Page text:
Geographic Connection to Pennsylvania: Erie, Erie County
Metta Fuller, the first dime novelist in the U.S., was born in Erie in 1831. Her most successful novel, Maum Guinea, and Her Plantation “Children" (1862), was praised by abolitionists and Lincoln.
Metta Victoria Fuller Victor, born in 1831, is credited for authoring one of the country’s first detective novels. Under a pseudonym, Seeley Regester, she wrote more than 100 dime novels, a type of book that became a sensation in the United States.
Victor was born Metta Victoria Fuller in Erie, Pennsylvania, on March 2, 1831. She was the third of five daughters born to Adonijah and Lucy Fuller. Victor began writing at the early age of ten. In 1839, the Fuller family moved to Wooster, Ohio, where Victor and her sister, Frances, attended a female seminary. Victor began contributing her stories to local newspapers at the age of thirteen and eventually had articles published in the Home Journal in New York. She moved with her sister to New York City in 1848, where they became members of the literary society and began their careers as writers. The sisters produced Poems of Sentiment and Imagination, with Dramatic and Descriptive Pieces in 1851. Victor also enjoyed personal success with American and English audiences with her book The Senator’s Son, or, The Maine Law: A Last Refuge, which was published in 1851.
Over the next few years, Victor published more novels that also found some success. In 1856, Victor married Orville J. Victor and worked alongside him as an editor of Cosmopolitan Art Journal for the next four years. The couple bore nine children together. Victor continued her career and served as editor at Home magazine until 1860 when she took over editorship of the Cosmopolitan Art Journal because her husband left the position to develop a new kind of novel.
The new “dime novel” series of books Orville Victor wanted to create were sensational and cheap, but regardless, the American public adored them. Victor wrote three “dime novels” in 1860: Alice Wilde, The Raftsman’s Daughter, and The Backwoods Bride. Her most popular literary contribution to the “dime novel” era was Maum Guinea, and Her Plantation “Children,” published in 1862. This novel gained much public success due to the kind words of praise from abolitionists like President Abraham Lincoln. She wrote wildly popular novels, creating more than a hundred works published under the pseudonym Seeley Regester. Victor created her most well known work, The Dead Letter, in 1866. Many historians of popular literature credit Victor as being one of the first authors of detective fiction in the United States. Metta Fuller Victor penned many other novels over the years and commanded high prices for works she contributed to periodicals. It was recorded that she commanded a price of $25,000 for a group of her stories in 1870.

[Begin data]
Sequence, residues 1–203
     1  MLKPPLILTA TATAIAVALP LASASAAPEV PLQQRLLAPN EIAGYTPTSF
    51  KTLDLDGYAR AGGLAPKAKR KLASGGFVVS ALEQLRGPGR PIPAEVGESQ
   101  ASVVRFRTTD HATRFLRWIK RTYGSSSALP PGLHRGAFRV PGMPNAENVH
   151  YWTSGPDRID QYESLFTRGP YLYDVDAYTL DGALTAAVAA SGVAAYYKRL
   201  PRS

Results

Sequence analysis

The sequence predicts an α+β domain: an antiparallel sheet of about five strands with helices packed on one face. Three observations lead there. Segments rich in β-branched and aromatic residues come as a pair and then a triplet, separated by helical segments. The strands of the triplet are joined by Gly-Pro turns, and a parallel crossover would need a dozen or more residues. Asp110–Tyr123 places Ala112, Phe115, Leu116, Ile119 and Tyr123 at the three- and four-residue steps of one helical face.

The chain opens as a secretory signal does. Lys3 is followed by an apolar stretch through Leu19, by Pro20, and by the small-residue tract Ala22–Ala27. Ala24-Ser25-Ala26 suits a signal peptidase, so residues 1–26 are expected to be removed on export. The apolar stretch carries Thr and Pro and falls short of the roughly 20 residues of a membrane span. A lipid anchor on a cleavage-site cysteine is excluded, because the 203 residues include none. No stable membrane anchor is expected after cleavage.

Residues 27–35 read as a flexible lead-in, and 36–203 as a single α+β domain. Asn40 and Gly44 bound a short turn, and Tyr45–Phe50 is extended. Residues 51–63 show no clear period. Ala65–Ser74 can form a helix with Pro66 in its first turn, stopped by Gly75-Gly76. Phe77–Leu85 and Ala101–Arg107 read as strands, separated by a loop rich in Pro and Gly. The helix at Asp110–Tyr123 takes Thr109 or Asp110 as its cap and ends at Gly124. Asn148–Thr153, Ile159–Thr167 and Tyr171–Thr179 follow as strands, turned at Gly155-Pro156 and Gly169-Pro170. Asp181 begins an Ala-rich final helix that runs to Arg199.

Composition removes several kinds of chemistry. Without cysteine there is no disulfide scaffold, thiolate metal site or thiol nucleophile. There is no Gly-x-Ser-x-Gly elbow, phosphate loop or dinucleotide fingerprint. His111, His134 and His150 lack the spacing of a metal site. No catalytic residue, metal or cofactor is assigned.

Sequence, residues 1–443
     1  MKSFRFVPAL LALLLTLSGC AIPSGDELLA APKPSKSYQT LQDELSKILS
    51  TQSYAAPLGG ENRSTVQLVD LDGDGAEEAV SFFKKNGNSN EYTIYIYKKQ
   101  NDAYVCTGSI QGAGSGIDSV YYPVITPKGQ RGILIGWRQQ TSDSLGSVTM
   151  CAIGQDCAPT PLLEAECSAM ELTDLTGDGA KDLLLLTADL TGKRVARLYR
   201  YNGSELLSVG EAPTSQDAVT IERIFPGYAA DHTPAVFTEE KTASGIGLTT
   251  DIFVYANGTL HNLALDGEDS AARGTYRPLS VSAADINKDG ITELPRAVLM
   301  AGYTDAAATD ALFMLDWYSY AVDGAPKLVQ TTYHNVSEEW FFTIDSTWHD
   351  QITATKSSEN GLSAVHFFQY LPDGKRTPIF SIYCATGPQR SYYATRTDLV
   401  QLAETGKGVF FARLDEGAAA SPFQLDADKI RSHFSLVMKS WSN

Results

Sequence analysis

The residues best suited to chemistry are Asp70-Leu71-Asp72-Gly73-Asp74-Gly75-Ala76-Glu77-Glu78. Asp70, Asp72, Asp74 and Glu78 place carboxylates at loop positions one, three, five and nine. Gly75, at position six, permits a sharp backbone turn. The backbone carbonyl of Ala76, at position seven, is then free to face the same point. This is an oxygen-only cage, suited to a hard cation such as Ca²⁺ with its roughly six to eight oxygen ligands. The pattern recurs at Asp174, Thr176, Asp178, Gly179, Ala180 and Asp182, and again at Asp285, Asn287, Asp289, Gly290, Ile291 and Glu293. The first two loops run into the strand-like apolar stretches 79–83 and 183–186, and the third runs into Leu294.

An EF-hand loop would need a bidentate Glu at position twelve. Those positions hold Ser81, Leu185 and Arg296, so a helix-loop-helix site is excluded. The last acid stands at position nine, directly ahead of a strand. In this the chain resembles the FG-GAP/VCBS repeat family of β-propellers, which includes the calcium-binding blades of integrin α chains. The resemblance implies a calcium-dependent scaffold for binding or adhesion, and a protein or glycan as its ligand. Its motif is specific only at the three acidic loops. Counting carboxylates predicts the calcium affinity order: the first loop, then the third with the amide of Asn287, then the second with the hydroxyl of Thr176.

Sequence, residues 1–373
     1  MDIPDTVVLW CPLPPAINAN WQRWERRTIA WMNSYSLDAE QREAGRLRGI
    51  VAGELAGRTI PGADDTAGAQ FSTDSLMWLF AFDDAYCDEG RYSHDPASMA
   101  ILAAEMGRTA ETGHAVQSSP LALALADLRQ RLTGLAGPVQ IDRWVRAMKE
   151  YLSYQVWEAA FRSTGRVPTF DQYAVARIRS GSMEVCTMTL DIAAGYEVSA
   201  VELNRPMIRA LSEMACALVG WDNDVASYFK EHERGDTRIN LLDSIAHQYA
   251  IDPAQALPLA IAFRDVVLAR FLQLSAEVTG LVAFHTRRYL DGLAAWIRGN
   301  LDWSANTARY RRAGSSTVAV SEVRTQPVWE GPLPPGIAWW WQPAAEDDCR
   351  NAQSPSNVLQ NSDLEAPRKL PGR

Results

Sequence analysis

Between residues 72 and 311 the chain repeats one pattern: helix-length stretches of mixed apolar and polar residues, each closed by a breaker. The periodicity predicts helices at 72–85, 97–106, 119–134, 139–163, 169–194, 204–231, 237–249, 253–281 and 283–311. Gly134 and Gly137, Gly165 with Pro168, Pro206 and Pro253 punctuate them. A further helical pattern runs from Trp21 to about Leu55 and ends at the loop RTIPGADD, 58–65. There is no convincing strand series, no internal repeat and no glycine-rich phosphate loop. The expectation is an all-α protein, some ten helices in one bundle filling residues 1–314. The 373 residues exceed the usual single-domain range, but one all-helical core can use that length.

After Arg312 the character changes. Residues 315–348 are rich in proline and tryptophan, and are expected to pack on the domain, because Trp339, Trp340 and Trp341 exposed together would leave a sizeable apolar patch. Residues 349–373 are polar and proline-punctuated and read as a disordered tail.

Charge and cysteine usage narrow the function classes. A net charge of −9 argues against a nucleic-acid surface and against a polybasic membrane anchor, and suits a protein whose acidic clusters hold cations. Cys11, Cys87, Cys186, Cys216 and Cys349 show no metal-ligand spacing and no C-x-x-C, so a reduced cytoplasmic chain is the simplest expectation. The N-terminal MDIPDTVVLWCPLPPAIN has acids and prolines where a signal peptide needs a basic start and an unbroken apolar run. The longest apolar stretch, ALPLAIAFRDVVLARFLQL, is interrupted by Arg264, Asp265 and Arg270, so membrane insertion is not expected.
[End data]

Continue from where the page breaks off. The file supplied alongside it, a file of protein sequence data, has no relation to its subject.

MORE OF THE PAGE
Metta Victor died from cancer on June 26, 1885, in Hohokus, New Jersey. She is buried in Valleau Cemetery in Hohokus.
Last Days of Tul; a Romance of the Yucatan. New York: Beadle & Co., 1847.
Fresh Leaves from Western Woods. Buffalo: Derby & Co., 1852.
The Senator’s Son, or, The Maine Law; a Last Refuge. Cleveland: Tooker and Gatchel, 1853.
Mormon Wives; a Narrative of Facts Stranger than Fiction. New York: Derby & Jackson, 1856.
Alice Wilde, The Raftman’s Daughter. A Forest Romance. New York: Beadle & Co., 1860.
Maum Guinea and Her Plantation “Children.” New York: Beadle & Co., 1861.
The Dead Letter, an American Romance. By Seeley Regester. New York: Beadle & Co., 1866.
Passing the Portal. New York: G. W. Carleton & Co., 1876.
A Bad Boy’s Diary. By Walter T. Gray. New York: J. S. Ogilvie, 1880.
The Blunders of a Bashful Man. New York: J. S. Ogilvie, 1881.
The Bad Boy Abroad; the Funniest Book of the Age. New York: J. S. Ogilvie, 1883.
A Naughty Girl’s Diary. London: General Publishing Co., 1884.
“Metta Victoria Fuller Victor.” Nineteenth-Century American Women Writers. Westport: Greenwood Press, 1997.
“Victor, Metta Victoria Fuller.” Encyclopedia Britannica Online. 2002. 15 Jan. 2002 <http://search.eb.com>.
“Victor, Metta Victoria Fuller.” Notable American Women. Cambridge: Belknap Press of Harvard University Press, 1971.
Written by Miranda Orso, Summer 2002; updated 2018